Monday, June 24, 2013

Henry David Thoreau's, Walden, Hardest Book Ever To Follow

The rambling words of Thoreau still ring true today.  He could of just used a lot less words.

Have you ever tried to read something written over 150 years ago?  I've not, accept Shakespeare.  I got turned on to Henry David Thoreau by another author I was reading, Gary Bond, Rethinking Life on the Appalachian Trail: The 2008 Thru-hike of "Rethinker".  He mentioned several times how Thoreau's book "Walden" had inspired him to rethink his lot it life and what he had valued and coveted.  It all sounded right in line with my personal demons and thought I better read this Thoreau guy's stuff.  I downloaded several books, along with "Walden", to my Kindle for later.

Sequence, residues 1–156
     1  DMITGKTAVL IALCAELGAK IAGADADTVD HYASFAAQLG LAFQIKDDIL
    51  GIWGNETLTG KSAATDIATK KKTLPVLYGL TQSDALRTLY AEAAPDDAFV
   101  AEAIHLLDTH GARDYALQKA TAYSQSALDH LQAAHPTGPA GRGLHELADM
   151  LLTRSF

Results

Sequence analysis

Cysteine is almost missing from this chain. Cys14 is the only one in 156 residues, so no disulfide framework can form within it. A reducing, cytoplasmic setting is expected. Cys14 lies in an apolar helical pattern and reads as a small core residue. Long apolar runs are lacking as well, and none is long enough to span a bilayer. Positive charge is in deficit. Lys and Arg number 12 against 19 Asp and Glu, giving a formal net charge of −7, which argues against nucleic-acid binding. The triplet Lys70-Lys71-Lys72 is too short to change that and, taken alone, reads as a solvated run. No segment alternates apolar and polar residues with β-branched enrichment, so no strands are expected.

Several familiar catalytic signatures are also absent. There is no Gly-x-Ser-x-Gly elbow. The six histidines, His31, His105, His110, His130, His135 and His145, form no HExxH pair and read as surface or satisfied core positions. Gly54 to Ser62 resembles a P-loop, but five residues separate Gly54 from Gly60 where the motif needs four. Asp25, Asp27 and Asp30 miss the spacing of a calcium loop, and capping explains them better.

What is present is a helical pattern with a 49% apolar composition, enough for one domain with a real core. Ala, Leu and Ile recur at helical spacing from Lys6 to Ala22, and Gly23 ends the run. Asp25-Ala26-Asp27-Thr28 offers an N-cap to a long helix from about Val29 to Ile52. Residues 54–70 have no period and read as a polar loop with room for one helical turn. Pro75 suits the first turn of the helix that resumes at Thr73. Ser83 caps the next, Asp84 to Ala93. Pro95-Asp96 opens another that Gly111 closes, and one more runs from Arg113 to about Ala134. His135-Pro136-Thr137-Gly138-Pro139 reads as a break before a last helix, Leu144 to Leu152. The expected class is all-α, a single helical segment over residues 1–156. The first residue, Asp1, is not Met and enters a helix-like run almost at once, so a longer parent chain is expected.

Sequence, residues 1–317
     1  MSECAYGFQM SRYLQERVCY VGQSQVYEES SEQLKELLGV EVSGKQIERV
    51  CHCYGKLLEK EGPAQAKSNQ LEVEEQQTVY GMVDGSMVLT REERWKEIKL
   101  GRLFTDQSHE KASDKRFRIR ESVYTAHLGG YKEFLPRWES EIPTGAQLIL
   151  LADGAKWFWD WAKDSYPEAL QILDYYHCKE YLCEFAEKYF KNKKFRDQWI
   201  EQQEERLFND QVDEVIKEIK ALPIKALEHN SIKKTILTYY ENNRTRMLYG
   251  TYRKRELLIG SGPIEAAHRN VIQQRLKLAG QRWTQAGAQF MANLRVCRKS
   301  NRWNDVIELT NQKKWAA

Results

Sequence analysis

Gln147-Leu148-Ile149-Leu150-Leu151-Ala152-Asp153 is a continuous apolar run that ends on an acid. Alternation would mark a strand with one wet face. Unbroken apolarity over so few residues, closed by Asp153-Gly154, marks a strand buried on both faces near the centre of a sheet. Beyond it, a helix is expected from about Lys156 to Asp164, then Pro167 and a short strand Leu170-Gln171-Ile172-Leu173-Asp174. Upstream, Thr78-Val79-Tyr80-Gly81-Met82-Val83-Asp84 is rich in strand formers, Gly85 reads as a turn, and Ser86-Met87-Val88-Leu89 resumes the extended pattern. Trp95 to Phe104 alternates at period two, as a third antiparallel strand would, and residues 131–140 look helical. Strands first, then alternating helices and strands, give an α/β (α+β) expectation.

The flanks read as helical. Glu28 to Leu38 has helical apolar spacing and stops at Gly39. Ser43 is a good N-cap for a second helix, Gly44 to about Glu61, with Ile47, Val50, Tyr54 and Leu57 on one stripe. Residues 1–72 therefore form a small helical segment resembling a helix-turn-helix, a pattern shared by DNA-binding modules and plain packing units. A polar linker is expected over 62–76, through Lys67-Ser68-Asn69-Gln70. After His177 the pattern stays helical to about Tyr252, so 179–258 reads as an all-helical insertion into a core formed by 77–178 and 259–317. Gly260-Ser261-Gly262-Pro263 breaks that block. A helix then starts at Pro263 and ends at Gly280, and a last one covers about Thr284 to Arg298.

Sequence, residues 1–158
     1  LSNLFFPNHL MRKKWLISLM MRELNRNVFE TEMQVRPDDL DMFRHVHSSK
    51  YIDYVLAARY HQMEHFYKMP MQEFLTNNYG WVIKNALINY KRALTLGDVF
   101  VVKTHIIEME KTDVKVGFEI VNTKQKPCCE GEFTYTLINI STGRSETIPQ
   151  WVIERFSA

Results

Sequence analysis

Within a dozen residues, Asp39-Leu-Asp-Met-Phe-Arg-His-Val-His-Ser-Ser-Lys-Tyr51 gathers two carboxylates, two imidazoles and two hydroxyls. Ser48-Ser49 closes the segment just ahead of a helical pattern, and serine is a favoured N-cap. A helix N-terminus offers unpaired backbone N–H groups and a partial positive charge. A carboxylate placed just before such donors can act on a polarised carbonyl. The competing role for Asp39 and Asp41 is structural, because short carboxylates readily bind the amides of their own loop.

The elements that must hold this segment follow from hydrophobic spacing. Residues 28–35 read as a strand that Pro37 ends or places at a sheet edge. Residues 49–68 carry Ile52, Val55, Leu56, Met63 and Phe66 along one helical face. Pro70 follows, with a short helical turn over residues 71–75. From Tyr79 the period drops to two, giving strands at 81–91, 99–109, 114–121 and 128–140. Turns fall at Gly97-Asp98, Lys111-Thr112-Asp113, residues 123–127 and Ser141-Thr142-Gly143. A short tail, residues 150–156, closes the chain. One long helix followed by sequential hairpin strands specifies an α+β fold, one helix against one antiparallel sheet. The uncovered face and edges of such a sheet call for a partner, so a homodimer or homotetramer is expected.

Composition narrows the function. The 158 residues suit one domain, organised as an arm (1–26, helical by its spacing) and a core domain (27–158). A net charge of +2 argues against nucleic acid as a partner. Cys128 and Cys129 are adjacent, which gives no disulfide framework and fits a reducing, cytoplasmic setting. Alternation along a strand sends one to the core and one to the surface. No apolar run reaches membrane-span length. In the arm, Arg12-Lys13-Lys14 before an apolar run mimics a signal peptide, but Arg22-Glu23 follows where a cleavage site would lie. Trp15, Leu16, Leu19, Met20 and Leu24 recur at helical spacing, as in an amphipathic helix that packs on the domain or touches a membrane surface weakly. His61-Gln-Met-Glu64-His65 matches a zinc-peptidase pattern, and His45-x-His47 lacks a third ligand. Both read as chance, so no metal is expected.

Well, I've started reading "Walden" and right now I'm completely unimpressed.  It is the most rambling, disjointed style of writing I've ever had to read.  It has no sense of direction, or coherence.  It really just seems like a bunch of drunk talk from a frustrated individual.  ( I should know I've been there before).  Maybe that is just how the wrote pre-civil war.  If the yankees, Thoreau is from Massachusetts, all talked like he writes it is no wonder we had the war.

I'm going to keep pressing on to see if it ever becomes an actual story.  I can say to this point the general jest of it seems to touch on things that still ring true today.  Consumerism, putting on aires, being in debt up to your eyeballs for no damn good reason.  I illustrated one of his observations that most people don't own their home, never will, and only wind up working to keep the home and it becomes more of a prison or burden than a pleasure.  I paraphrased him, and I'm not even in the mood to elaborate more, you go read it.

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